Free-Trade Slaves for $70 a month

  Globalisation of the world economy has resulted in competition for investments. In the last few years, more than one hundred countries have declared areas of their territory free-trade zones, where companies pay close to nothing in taxes and have access to very cheap labour, especially young women.

  These conditions enable them to sell their products at highly competitive prices in Europe or anywhere else in the western world. Disney has set up factories in Haiti, Nike in Vietnam, Reebok in China and Indonesia.

  "Free Trade Slaves," a Belgian-made documentary, was filmed on site in Sri Lanka, El Salvador, Mexico and Morocco.

  In the 60s, five main trade free zones were set up, in Puerto Rico, Colombia, Taiwan, Ireland and South Korea.

The Belgian documentary "FREE TRADE SLAVES" about competitive sweatshops was due to be televised by SBS Television, The Cutting Edge, at 8.30 pm on Tuesday 22 June 1999. It is relevant to the Stop-MAI seminar held at Nedlands on 26 June. The original is at: http://www.sbs.com.au/NEXT_WEEK/cuttingedge.html

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  Today there are hundreds that operate across five continents. These trade zones compete against each other to offer the most attractive conditions to investors.

  In Sri Lanka and El Salvador there are two new free-trade zones devoted to the textile industry. In Mexico there are areas next to the United States border where there is a 30-year history of this practice.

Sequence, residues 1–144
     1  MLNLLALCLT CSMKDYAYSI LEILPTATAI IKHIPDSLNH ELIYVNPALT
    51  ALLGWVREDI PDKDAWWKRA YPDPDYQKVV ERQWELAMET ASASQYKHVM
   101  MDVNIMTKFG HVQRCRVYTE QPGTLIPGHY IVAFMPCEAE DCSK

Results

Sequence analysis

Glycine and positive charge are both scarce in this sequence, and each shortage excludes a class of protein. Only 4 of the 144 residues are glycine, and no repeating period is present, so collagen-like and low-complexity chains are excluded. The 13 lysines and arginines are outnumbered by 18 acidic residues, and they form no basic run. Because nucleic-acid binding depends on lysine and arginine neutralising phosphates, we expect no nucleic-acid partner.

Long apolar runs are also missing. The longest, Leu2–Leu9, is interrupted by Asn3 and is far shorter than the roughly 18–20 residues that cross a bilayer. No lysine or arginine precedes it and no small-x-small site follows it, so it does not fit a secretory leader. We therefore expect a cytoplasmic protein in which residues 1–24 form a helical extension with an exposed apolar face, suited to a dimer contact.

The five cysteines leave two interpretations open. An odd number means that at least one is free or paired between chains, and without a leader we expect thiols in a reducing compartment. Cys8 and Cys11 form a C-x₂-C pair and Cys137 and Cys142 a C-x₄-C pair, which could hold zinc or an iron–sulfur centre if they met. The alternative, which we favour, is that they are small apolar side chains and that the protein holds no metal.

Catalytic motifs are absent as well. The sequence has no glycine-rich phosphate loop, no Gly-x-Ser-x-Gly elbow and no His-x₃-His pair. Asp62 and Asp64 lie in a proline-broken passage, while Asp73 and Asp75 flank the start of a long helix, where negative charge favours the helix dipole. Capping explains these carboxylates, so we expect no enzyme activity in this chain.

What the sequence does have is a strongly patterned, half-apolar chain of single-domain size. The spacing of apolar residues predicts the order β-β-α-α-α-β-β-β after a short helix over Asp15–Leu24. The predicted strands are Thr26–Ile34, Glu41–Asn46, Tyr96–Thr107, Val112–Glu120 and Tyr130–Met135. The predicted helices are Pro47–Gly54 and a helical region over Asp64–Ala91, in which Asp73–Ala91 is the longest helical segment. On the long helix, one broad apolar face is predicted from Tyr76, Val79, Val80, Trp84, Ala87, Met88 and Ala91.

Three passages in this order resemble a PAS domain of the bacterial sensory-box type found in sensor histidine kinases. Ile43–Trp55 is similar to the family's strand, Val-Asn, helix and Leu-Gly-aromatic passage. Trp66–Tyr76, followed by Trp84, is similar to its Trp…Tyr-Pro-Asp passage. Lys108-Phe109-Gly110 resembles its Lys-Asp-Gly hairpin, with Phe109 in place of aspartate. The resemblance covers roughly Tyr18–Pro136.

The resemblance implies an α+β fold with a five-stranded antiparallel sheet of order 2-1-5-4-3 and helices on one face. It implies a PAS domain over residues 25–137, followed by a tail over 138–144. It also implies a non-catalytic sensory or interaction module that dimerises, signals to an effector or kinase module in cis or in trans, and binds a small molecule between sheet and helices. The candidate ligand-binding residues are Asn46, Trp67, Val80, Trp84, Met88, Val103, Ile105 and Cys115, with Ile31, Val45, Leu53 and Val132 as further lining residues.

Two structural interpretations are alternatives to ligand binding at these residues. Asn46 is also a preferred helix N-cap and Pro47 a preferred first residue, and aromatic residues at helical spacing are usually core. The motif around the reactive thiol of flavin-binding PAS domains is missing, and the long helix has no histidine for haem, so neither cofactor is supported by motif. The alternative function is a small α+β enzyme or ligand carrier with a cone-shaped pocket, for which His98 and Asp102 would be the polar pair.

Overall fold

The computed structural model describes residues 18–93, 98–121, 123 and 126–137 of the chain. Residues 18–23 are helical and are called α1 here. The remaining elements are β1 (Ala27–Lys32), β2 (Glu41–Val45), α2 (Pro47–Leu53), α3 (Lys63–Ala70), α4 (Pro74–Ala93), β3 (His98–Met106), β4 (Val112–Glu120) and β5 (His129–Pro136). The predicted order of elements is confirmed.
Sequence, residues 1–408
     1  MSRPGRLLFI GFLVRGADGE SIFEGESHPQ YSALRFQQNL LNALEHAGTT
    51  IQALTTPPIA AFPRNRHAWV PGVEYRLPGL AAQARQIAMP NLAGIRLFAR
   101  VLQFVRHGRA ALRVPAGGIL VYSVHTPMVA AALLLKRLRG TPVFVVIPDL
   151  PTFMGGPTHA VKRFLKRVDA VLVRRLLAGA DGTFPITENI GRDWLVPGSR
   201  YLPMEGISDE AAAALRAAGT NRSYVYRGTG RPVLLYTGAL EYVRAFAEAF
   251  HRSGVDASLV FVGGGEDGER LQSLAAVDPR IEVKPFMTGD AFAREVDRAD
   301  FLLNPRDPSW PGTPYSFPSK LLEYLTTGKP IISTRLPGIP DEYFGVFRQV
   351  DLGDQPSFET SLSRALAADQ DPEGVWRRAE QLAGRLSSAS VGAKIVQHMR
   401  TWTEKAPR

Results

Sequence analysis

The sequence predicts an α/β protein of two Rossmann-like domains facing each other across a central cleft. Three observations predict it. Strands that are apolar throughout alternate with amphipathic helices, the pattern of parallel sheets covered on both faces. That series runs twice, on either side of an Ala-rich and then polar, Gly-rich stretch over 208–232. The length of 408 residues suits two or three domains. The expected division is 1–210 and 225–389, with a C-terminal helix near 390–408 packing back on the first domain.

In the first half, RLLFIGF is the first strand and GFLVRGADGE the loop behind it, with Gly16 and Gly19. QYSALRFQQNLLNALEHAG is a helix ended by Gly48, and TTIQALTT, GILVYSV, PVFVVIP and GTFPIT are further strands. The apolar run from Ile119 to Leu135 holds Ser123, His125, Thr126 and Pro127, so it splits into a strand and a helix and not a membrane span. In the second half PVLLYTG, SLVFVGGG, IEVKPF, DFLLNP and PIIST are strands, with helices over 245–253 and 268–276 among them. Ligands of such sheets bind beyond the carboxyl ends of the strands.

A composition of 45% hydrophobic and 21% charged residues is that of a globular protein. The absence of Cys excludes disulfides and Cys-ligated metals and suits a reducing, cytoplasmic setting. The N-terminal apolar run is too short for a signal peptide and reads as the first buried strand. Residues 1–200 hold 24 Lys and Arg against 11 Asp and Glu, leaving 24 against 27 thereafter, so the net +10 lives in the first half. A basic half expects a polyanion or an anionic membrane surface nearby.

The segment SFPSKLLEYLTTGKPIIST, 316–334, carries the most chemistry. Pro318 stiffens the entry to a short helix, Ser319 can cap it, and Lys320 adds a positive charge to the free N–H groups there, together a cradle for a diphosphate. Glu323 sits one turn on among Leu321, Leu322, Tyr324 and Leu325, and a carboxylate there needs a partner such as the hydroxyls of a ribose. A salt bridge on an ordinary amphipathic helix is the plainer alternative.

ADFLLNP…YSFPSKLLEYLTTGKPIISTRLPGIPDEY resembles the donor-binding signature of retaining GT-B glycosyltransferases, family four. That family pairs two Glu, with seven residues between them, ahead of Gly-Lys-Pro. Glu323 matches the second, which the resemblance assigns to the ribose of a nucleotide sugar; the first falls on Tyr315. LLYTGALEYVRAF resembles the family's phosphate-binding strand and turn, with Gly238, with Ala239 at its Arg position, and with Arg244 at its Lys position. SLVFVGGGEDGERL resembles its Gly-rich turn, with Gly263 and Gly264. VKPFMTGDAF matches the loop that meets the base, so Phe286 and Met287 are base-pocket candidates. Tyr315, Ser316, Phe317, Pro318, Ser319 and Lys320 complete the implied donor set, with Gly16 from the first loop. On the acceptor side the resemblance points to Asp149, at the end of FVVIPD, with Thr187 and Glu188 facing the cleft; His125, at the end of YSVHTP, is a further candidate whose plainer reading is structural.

These areas have the highest industry density in the country since practically all major US firms are operating there.

  In northern Morocco, 12 kilometres from Europe, certain areas have recently been declared free-trade zones to attract Spanish businesses, in an attempt to provide the same service for Europe.

  A local businessman says, "A worker in Spain is paid ten times as much. Here you get ten for the price of one, and we're only ten kms from Spain and it's tax free."

  In FREE TRADE SLAVES, extraordinary stories are told by

  This new phenomenon is changing the world's economy. At the same time, human rights are flagrantly violated.

  In El Salvador workers are sometimes forced to spend nights locked inside factories, and the slightest attempt to organise the workers is punished by massive firings. In Sri Lanka the work day is twelve hours, seven days a week, for monthly wages of about $US 70.

  In Mexico the factories have transformed farming regions into cities with hundreds of thousands of inhabitants.

  There are no social services, and pollution levels so high that there has been an alarming increase of deformities in newborns during the 90s.

  These birth defects include tumours, neural tube defects like encephaly and spina bifida, and other brain damage.

  (From Belgium, in English, Spanish and Sinhalese, English subtitles)

General information

International Labor Organisation - Report on Child labour
Human Rights for Workers - the crusade against global sweatshops
Sweatshop Watch
Announcing Sweatshops.org
Suffer the little children - a special series published by the Ottawa Sun

-- ©SBS, Australia's National Multicultural Television Broadcaster

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